China plans to roll out more measures to stabilize growth amid downward pressure but will not resort to a massive stimulus package, according to senior officials with the nation’s top financial regulators.
Zhu Hexin, deputy governor of the People’s Bank of China, the central bank, said the government will make a dynamic assessment of the current monetary policy, while making good use of existing tools to channel funds to the non-financial sector.
“Maintaining a prudent monetary policy does not mean there will be no changes. We will make the policy more forward-looking, flexible and targeted in response to changes,” he said, fending off the likelihood of adopting stimulus measures in response to concerns about whether the central bank intends to cut the benchmark interest rates.
The PBOC has cut the amount of money banks have to hold as reserves five times in a year, but has yet to cut the benchmark interest rates. The benchmark interest rate in China was last recorded at 4.35 percent. It was last cut by 25 basis points in October 2015.
While keeping the benchmark rate unchanged, the bank has introduced new tools to pump money into the economy, such as the medium-term lending facility.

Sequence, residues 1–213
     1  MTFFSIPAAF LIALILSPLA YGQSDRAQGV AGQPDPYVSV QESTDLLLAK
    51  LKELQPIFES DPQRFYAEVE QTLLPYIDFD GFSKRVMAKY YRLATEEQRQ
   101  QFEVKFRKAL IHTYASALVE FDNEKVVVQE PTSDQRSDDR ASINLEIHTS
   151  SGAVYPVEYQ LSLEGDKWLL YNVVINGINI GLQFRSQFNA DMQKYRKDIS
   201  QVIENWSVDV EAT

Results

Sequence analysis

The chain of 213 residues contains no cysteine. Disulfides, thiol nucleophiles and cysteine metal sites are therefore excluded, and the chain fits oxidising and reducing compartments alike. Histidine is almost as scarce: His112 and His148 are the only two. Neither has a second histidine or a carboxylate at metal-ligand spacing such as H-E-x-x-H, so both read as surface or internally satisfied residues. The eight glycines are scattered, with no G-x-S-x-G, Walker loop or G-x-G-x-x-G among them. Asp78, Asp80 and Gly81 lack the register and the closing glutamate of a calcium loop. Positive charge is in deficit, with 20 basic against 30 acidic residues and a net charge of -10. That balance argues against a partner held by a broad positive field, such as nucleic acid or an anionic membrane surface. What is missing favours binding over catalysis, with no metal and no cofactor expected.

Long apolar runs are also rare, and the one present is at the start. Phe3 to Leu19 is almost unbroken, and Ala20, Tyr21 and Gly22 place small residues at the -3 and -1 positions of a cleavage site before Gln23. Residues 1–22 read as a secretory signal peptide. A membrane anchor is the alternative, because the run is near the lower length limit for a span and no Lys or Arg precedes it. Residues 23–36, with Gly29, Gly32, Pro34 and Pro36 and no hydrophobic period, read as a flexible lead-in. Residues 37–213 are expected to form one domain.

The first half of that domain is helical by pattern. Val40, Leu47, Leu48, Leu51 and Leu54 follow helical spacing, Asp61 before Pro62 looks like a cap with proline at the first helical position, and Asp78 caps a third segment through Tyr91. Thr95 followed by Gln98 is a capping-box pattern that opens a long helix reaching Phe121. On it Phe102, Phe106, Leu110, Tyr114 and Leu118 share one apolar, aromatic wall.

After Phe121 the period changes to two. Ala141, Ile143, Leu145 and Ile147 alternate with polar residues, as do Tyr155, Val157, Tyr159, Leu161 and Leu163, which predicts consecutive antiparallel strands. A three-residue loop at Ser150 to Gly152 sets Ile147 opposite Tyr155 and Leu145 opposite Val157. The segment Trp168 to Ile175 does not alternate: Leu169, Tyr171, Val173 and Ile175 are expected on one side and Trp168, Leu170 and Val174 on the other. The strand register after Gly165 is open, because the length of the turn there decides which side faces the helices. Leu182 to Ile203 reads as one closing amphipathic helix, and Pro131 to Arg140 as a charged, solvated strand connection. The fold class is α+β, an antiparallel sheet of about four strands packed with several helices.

China has injected 16.17 trillion yuan ($2.39 trillion) in new yuan loans in the past year to stabilize growth. There is room to improve the monetary transmission mechanism to spur lending to smaller firms, Zhu said.
Some large commercial banks have lowered rates in particular to support funding for small and medium-sized enterprises. Rates for SME borrowers have been reduced from around 7 percent in the first half in 2018 to 5.8 percent at the year end, according to a manager with China Construction Bank.
In the meantime, other supportive measures to bolster growth are expected to come out soon, including efforts to streamline procedures for bond issuance and tax cut measures.
The Ministry of Finance will make more efforts to promote fiscal policy on cutting taxes and fees, according to Xu Hongcai, assistant minister of finance. Local government special bond issuance is expected to finish by the end of September, he said.